Because that bus ad is all too true. Technology is ubiquitous and management is necessary. It’s just that technology changes organizations, their cultures and how/when/why people communicate and interact.
Strategically and purposefully planning for and managing the People Factor is a major undertaking, but the only one that will deliver the benefits and value you need and want from your new IT system.
Setup an “audit ready” change adoption program
Many change programs focus on preparing the organization for the upcoming change, but they do little to ensure it delivers the desired business results after the initial change is complete. Instead of focusing on a single point-in-time event (like the “go-live” of a new IT system), you should instead focus on the results you would like to achieve 1, 3, 5 or more years into the future.
To do this, create a program that clearly articulates the results you want, how and when you’ll get there, and how and when you’ll check to see if you achieved your goals.
You define “testable requirements”. Now define “Testable results”.
For years, IT has called for the creation of “testable” requirements. One definition of testable requirements is:
“A testable requirement is a requirement that has been broken down to a level where it is precise, unambiguous, and not divisible into lower level requirements. These criteria are only met if it is possible to write a test case that would validate whether the requirement has or has not been implemented correctly." Source: http://www.testablerequirements.com/
Testable requirements are important because they help ensure the system meets users’ needs and that nothing was lost in translation between the users and the developers.
The next step is to come up with “testable business results”.
That is, can you replace the word “requirement” in the definition above with the term “business results”?
Can you define and communicate – precisely and unambiguously – the actions and outcomes you want users to achieve from their adoption of your IT system?
After all, what you are after is the business results that are achieved from the effective use of the system.
Communicate to users the results you will audit
It is alarming how often users tell us, “No one ever told us we needed to do X” within the system. And it’s alarming how often it’s not explicitly and effectively communicated as to what’s changed and what new things users need to do in the system. In cases like this, behavior can’t be audited and people can’t be held accountable for achieving results that were never defined or communicated. Define the goal, specify the actions to get there, inform people what’s expected of them and how they’ll be measured and then measure their behavior.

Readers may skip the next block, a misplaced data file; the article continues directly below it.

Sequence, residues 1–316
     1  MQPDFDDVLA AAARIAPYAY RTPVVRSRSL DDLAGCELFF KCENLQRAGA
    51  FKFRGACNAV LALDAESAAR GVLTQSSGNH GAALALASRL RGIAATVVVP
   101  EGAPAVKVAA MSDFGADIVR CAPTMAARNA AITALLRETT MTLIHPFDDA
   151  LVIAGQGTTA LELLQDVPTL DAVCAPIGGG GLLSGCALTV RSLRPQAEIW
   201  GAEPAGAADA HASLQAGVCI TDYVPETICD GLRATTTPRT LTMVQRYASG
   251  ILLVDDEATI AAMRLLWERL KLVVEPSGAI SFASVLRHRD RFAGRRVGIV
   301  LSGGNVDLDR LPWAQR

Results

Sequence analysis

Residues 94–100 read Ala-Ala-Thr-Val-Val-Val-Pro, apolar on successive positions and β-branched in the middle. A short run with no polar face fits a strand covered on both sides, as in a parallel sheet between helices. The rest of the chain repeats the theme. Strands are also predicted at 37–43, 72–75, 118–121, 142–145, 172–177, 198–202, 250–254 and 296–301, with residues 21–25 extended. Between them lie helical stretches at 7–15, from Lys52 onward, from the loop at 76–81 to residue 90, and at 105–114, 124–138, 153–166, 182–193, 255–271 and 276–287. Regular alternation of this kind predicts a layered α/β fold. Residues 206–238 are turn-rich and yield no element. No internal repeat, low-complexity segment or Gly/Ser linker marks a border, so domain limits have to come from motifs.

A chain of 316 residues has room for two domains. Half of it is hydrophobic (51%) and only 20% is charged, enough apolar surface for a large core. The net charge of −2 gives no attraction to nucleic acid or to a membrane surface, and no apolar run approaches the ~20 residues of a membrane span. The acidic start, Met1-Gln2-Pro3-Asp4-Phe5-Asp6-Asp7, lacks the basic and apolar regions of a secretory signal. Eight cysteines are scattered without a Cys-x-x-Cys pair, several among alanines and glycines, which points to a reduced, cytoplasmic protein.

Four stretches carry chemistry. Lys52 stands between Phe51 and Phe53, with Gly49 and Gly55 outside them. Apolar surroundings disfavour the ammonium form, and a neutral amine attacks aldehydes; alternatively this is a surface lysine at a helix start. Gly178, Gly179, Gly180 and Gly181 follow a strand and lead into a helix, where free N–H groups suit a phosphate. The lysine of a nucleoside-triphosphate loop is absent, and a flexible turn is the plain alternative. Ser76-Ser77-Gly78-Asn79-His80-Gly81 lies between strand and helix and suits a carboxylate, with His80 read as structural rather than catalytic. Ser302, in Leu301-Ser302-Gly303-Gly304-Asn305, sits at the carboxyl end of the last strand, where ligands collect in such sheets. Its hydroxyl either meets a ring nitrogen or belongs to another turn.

For effective change adoption programs, there should be no ambiguity amongst users exactly what it is they are expected to do and by when.
And there should be no ambiguity of the consequences if these expectations are not met.
Verify results. And hold people accountable.
Once expected actions and outcomes are fully defined and communicated to everyone, go back and check actual results. Effective change adoption programs will explicitly define the timeframes, procedures, and parties responsible for conducting audits and holding people accountable for achieving expected results. Just like with financial audits or ISO audits, user adoption audits need to hold people accountable for their actions.
Specific corrective actions and set new goals
The final step is to include a mechanism in your change audit for defining any required actions to correct deficiencies and to update specific goals for moving forward. Your people, organization, and operating environment are all in a constant state of change and you need to continually update your testable results and audit program to meet future needs.
Business Cases & User Adoption Learn more about how user adoption impacts your business case.